Gen Con has a long list of seminars, workshops, meetings, and other get togethers that allow attendees to zero in on their favorite part of the hobby. Some focus on role playing as a player or as a campaign designer; others focus on crafting and painting models and miniatures for all sorts of games; others concentrate on game design, development, and distribution; still others focus on writing skills, tips, techniques, and advice for publishing. I attended a few seminars, here's a sampling:
- Pathfinder Card Game Developments--a panel including the game's designer discussed the soon-to-be-releases Mummy's Mask adventure with its new system for selling those items collected during an adventure that you really don't need. They also talked about an online/app version of the game that is close to completion and was available at their booth in the exhibit hall. It was an interesting presentation but I realized I am not into the game as much as the other people in the room.
- Medieval Food and Cooking--medieval cooking expert Daniel Myers discussed various myths and truths about food from the period of 800AD to 1500AD in Europe (his definition of medieval). He said that English cuisine was quite good until they learned to boil things! He debunked a lot of myths, especially the "they used spices to cover up the flavor of spoiled meat." He said the medieval people would leave the meat on the hoof as long as possible and only kill an animal if it was going to be eaten immediately. Butchers could only sell meat the day they butchered it, unless they killed it in the evening. Then they had to sell it before noon the next day. Also, spices were expensive relative to today, so it would be much cheaper to just kill another animal than to eat rancid meat and use lots of spices to cover up the flavor. He said they ate any meat they could catch, so they had a much more varied diet than we do. He also talked about vegetables, the fancy feasts they put on, how the church's dietary restrictions impacted the diet, and lots more. The point of the seminar was to let writers have more accurate depictions of food and eating in their books, shows, and games. The presentation was great.
- Teaching Through Games--Christopher Harris, a former teacher and now school library administrator, talked about using games in education, especially for home schooling. While most games are good at practicing critical thinking, just playing games won't really be educational. Games need to be tweaked to bring out the instructional content available. For example, Evolution by North Star Games can teach about biology, ecosystems, and Darwinian principles. One way to adapt it for teaching is to take out the carnivores and see how that changes the ecosystem. Without natural predators, herbivores survive and thrive for a few rounds but, soon enough, food production doesn't keep pace with animal reproduction and mass starvation happens. This result can help students understand why limited hunting by humans can have a positive impact on the environment. Harris also had a great definition for games: The voluntary attempt to overcome unnecessary obstacles. Games can often be delightfully unnecessary as players discover new and varied ways to overcome difficult obstacles through intelligent play. Harris has a line of books about games in education for secondary schools and is working right now on elementary and pre-K resources. The seminar was excellent and well worth the time.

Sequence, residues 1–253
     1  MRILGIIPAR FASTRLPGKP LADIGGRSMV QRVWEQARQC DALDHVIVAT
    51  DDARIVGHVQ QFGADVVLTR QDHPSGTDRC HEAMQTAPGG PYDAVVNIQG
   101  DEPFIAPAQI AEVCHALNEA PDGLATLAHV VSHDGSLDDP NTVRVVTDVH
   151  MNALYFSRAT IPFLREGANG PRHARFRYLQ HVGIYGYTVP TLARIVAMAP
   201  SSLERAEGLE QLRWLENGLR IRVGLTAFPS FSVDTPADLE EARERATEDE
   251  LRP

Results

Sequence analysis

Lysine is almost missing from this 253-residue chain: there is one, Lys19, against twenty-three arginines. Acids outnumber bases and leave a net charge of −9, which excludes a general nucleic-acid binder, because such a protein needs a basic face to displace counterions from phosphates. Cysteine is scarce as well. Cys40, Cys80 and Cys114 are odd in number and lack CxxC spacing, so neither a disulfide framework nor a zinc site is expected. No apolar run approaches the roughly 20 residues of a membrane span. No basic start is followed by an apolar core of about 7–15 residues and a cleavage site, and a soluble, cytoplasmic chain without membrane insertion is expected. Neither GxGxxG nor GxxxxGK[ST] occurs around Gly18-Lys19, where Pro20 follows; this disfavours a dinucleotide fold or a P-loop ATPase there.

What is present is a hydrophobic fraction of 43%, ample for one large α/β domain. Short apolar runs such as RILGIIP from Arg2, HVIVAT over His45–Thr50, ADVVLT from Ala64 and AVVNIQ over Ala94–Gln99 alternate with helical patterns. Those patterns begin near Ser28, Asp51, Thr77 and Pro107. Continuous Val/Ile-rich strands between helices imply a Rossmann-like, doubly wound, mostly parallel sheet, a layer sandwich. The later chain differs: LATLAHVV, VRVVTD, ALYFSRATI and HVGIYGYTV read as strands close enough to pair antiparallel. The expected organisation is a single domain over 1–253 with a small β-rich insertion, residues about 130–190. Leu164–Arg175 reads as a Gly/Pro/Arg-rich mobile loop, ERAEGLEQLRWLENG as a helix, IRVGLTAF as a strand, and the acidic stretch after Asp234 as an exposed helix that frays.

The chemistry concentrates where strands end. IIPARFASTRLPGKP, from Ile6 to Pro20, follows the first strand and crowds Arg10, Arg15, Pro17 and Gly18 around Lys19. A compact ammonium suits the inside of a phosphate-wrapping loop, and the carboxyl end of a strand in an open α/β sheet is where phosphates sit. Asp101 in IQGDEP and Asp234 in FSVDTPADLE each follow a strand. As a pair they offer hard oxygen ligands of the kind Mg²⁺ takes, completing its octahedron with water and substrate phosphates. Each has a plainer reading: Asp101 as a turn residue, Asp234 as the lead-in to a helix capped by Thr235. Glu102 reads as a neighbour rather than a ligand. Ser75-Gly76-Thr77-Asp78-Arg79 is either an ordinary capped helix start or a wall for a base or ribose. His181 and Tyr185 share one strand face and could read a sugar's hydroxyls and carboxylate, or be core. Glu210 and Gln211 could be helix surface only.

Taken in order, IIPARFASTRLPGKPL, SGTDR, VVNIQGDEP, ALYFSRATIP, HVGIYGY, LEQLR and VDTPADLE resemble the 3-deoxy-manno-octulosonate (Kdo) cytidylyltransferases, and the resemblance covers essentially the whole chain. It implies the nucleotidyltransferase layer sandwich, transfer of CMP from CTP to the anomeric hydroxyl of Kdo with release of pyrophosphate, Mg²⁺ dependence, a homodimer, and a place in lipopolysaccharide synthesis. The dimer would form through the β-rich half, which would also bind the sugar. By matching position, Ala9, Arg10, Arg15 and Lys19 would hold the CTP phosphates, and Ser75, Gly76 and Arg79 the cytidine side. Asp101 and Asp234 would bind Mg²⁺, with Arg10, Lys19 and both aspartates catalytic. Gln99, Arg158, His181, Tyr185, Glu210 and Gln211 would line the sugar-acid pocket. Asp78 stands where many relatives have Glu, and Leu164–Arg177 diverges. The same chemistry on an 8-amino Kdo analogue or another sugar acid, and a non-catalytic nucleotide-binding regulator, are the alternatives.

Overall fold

- Ghost Stories--a panel of ghost hunting experts were supposed to tell us about various hauntings in Indianapolis. I was expecting a sort of ghost walk without the walking. Unfortunately, they followed a slide show for a bit which discussed some hauntings in Chicago, then they switched over to telling some of their own experiences and asking the audience for their experiences. The presentation was disorganized and they weren't the dramatic story tellers I am used to on ghost walks. They were very low key and were just as interested in hearing from the audience as in telling their own stories. The highlight came when a train at the nearby station came in, causing a rumbling noise that some people thought was some sort of psychic phenomena. Overall, I found the presentation disappointing.
On the other hand, the hotel where the Ghost Stories seminar was held has amazing architecture. The reason the train rumbled the seminar room is because the hotel is built into the downtown train station. Visitors can see the steel girders and even stay in rooms that are train cars!
|Crowne Plaza attached to the convention center with an above-street walkway|
|Coming into the hotel from the convention center|
|Train car with rooms and a statue|
|A better shot of the statue|
|Hotel lobby looks like a train station|
Workshops included teaching about painting miniatures. I saw an amazing case full of miniatures that were in some sort of competition.
|The Phoenix and the Gorgon (if you couldn't guess)|
|Red dragon about to get the drop on Cthulu|
|Futuristic battle minis|
|Futuristic marine minis|
|Ancient Spartan warriors|
|Not sure what era these guys are from|